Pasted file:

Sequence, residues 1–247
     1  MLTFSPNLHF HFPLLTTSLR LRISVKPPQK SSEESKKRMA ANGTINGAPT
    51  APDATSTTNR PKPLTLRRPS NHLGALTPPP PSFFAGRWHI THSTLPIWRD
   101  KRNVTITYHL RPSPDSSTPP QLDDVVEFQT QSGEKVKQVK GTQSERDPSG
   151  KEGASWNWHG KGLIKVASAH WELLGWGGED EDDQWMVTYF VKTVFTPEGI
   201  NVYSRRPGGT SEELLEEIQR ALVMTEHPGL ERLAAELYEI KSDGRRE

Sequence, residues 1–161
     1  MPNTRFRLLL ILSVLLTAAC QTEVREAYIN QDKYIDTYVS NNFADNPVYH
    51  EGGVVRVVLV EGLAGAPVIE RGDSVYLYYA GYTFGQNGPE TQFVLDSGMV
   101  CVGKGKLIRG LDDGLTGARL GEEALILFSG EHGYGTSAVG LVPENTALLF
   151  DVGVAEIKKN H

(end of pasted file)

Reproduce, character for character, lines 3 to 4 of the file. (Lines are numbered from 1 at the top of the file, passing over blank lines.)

    51  APDATSTTNR PKPLTLRRPS NHLGALTPPP PSFFAGRWHI THSTLPIWRD
   101  KRNVTITYHL RPSPDSSTPP QLDDVVEFQT QSGEKVKQVK GTQSERDPSG